The Board also considered whether the fund benefits under the fee levels set forth in the Advisory Contract from any economies of scale realized by the Advisor. Under the Advisory Contract, the fund pays a fee to the Advisor for investment management services composed of two components—a group fee rate based on the combined average net assets of most of the T. Rowe Price funds (including the fund) that declines at certain asset levels and an individual fund fee rate based on the fund’s average daily net assets—and the fund pays its own expenses of operations (subject to a contractual expense limitation with respect to the I Class). The fund also has an agreement with the Advisor that permanently limits the fund’s overall management fee rate to no more than 0.33%. At the Meeting, the Board approved an additional 0.005% breakpoint to the group fee schedule, effective May 1, 2020. With the new breakpoint, the group fee rate will decline to 0.260% when the combined average net assets of the applicable T. Rowe Price funds exceed $845 billion. The Board concluded that the advisory fee structure for the fund continued to provide for a reasonable sharing of benefits from any economies of scale with the fund’s investors.
Fees and Expenses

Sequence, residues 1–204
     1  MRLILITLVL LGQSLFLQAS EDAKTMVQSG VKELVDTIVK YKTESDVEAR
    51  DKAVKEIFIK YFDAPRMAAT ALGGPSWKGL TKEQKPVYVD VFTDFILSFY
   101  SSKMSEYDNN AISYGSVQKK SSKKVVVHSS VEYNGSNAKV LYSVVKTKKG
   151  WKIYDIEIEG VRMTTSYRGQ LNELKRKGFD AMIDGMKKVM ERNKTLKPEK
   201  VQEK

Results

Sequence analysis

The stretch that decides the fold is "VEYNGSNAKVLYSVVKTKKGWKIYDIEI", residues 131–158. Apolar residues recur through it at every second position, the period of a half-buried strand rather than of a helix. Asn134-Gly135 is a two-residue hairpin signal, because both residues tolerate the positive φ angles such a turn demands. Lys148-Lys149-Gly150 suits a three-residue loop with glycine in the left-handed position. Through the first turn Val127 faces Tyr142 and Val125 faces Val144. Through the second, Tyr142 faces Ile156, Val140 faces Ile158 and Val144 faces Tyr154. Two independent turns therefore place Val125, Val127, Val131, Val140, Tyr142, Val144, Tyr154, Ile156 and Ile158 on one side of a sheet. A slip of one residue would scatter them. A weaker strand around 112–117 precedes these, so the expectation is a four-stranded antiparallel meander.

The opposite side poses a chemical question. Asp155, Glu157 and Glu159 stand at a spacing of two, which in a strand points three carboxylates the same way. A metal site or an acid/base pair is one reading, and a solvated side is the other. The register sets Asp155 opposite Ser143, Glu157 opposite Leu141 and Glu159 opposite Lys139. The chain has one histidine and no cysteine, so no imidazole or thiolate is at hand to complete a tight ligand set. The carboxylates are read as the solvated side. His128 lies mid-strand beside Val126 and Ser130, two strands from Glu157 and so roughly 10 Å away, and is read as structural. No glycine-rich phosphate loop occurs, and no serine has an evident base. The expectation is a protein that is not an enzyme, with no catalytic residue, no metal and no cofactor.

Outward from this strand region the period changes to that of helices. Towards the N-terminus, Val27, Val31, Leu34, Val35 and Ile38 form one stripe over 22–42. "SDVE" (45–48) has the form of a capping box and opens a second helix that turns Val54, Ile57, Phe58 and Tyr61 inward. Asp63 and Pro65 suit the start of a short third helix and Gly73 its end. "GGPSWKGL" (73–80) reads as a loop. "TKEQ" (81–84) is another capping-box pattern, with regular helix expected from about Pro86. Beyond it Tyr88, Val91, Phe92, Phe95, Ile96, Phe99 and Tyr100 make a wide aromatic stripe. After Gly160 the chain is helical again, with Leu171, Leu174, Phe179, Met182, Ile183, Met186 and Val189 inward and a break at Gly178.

The Board was provided with information regarding industry trends in management fees and expenses. Among other things, the Board reviewed data for peer groups that were compiled by Broadridge, which compared: (i) contractual management fees, total expenses, actual management fees, and nonmanagement expenses of the Investor Class of the fund with a group of competitor funds selected by Broadridge (Investor Class Expense Group); (ii) total expenses and actual management fees of the Advisor Class of the fund with a group of competitor funds selected by Broadridge (Advisor Class Expense Group); and (iii) total expenses, actual management fees, and nonmanagement expenses of the Investor Class of the fund with a broader set of funds within the Lipper investment classification (Expense Universe). The Board considered the fund’s contractual management fee rate, actual management fee rate (which reflects the management fees actually received from the fund by the Advisor after any applicable waivers, reductions, or reimbursements), operating expenses, and total expenses (which reflect the net total expense ratio of the fund after any waivers, reductions, or reimbursements) in comparison with the information for the Broadridge peer groups. Broadridge generally constructed the peer groups by seeking the most comparable funds based on similar investment classifications and objectives, expense structure, asset size, and operating components and attributes and ranked funds into quintiles, with the first quintile representing the funds with the lowest relative expenses and the fifth quintile representing the funds with the highest relative expenses. The information provided to the Board indicated that the fund’s contractual management fee ranked in the first quintile (Investor Class Expense Group), the fund’s actual management fee rate ranked in the first quintile (Investor Class Expense Group, Advisor Class Expense Group, and Expense Universe), and the fund’s total expenses ranked in the first quintile (Investor Class Expense Group, Advisor Class Expense Group, and Expense Universe).